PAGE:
Exxonmobil Workers Ends Strike

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Yemisi Izuora

The senior workers of Mobil Producing Nigeria Unlimited (MPN), under the aegis of Petroleum and Senior Staff Association of Nigeria (PENGASSAN), have suspended their strike action.

The strike started last week to protest the planned sack of their members, pending a review of the company’s action by a ministerial committee.

The suspended action was prompted by the intervention of the Minister of State for Petroleum, Ibe Kachikwu,

In a communiqué issued at the end of a meeting between the Minister of State for Petroleum, the labour union and management of MPN, it was also resolved that all the workers affected by the special separation programme (SSP) embarked upon by the company should remain on the company’s payroll but cannot return to work, pending the conclusion of the review of the ministerial committee.

The committee has been mandated to submit its recommendations to the minister not later than January 10, 2017.

According to the communiqué, “The management action on the union members impacted by the involuntary separation programme is hereby suspended, pending the submission of the report by the ministerial committee and determination of the issues arising from the report of the Honourable Minister.

“It was further agreed that management is free to implement for non-represented employees and any voluntary cases already signed on to.”

The communiqué was signed by the National President of PENGASSAN, Francis Johnson; NNPC’s Chief Operating Officer, Corporate Services, Isa Inuwa; Udom Inoyo of MPN; and Falonipe Amos of the Ministry of Petroleum Resources.

PENGASSAN also clarified that the disengagement of staff should be voluntary, and not compulsory as implemented by the company.

The association also denied that some sacked senior workers received N350 million as severance package, saying that since the claim was made by the company, the son of a staff had been kidnapped and the kidnappers were demanding for their own share of the N350 million.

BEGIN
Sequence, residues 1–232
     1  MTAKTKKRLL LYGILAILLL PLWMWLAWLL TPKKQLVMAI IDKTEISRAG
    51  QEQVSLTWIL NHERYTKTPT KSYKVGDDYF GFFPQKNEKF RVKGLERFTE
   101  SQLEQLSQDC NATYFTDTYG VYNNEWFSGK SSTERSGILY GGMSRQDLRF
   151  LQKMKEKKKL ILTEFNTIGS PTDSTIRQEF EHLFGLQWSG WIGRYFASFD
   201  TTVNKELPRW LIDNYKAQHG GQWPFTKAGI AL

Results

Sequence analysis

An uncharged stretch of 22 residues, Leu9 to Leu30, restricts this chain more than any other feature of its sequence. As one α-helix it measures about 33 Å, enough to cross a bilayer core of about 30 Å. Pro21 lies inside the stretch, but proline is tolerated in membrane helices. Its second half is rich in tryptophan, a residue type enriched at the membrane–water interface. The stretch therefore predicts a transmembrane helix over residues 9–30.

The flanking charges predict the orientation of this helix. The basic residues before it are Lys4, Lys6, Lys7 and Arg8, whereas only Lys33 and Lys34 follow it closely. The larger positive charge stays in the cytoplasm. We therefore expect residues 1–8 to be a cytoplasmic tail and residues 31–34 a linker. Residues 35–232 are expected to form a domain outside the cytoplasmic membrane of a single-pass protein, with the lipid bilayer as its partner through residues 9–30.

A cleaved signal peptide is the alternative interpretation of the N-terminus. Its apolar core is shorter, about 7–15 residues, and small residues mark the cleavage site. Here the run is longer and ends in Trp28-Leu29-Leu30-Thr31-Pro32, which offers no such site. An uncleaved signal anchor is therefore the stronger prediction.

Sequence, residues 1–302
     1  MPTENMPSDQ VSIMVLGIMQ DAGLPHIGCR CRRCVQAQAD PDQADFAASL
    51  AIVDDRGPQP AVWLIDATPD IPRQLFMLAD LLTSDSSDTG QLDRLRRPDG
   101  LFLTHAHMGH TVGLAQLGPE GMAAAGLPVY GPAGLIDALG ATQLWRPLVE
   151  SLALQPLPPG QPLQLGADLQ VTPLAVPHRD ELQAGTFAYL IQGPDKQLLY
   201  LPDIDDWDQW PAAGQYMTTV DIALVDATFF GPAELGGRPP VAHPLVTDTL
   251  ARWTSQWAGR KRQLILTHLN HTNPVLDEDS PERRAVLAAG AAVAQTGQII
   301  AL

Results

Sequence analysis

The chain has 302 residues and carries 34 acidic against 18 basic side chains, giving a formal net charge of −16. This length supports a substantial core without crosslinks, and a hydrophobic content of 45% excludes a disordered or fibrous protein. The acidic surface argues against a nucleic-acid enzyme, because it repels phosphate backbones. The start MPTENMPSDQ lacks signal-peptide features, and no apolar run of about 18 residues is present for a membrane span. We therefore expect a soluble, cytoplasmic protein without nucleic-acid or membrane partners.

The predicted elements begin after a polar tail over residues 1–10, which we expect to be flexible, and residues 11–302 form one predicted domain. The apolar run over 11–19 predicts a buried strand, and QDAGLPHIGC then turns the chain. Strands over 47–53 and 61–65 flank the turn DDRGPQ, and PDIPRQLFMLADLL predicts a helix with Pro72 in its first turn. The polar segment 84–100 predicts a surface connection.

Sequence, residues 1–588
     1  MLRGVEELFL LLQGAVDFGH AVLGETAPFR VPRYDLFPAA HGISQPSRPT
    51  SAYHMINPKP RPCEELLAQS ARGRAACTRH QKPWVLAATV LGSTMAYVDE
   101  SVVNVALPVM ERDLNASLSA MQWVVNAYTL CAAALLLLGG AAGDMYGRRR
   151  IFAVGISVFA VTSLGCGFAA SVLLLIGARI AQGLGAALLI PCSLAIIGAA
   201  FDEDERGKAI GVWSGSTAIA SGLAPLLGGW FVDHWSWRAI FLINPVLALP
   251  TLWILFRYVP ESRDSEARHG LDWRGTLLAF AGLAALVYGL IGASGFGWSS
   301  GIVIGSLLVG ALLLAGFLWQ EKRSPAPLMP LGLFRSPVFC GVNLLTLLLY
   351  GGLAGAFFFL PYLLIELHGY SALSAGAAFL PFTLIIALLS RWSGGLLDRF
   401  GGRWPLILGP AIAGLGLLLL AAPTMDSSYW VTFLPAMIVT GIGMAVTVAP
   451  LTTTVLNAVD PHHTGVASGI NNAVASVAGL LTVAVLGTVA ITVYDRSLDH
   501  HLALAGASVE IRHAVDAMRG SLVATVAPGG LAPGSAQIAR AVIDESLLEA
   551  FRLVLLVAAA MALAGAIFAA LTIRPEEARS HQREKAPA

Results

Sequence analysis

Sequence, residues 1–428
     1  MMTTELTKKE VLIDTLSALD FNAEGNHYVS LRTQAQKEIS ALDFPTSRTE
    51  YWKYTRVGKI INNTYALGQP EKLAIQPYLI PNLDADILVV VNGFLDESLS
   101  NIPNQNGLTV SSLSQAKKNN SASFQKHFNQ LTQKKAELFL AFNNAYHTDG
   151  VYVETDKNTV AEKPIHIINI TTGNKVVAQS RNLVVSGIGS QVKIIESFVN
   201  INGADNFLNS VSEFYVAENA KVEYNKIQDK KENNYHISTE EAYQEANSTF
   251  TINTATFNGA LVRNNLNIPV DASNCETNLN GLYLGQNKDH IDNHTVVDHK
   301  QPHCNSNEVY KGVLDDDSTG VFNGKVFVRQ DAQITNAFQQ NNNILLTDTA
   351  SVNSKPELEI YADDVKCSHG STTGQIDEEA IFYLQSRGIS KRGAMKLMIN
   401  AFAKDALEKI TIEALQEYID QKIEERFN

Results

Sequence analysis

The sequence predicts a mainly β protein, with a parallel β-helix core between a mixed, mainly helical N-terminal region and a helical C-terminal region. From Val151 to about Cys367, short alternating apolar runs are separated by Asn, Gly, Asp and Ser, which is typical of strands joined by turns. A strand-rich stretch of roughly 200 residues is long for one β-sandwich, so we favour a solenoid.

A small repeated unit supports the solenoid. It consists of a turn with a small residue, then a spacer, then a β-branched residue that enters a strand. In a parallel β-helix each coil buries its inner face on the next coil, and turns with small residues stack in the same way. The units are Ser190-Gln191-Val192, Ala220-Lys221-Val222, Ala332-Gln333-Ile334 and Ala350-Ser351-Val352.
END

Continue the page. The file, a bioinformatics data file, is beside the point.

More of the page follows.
On the allegation that the union ignored the intervention by Kachikwu and went ahead with their protest, the association stated that when it was contemplating a ceasefire following the minister’s intervention, the company continued the issuance of sack letters.

In a statement by the branch chairman, Paul Eboigbe and secretary, Abel Nwobodo, the union acknowledged that it had supported the sack of 150 workers in December 2015, which was implemented as a voluntary programme agreed with the union in line with the Collective Bargaining Agreement (CBA).

“The union accepted it as a way forward in light of the challenges in the oil and gas industry,” the union added.

PENGASSAN, however, alleged that over 50 expatriates were brought into the country as replacement for those Nigerians that were separated in 2015, despite the huge cost to the joint venture arrangement with NNPC.

PENGASSAN argued that after the special separation programme of December 2015, most of the vacated jobs were given to expatriates and in some cases packaged as service contracts to foreign companies which had proven to be more expensive.

The union further disclosed that sometime this year, the company initiated an investigation into the activities of the marine and security departments, adding that in line with the CBA, the union participated in the process of disciplinary hearing on behalf of its members that were involved in the investigation.

PENGASSAN stated that none of its members were indicted by the disciplinary process, but the company in a premeditated move went ahead and sacked all the people involved and replaced them with expatriates.

“The union’s fear became worse when management insisted that the SSP (special separation programme) must be involuntary against the industry practice and our previous implementations.

“The union on the other hand insisted that though they are not comfortable with the programme at this time, but if it must be implemented then it must be voluntary,” PENGASSAN added.

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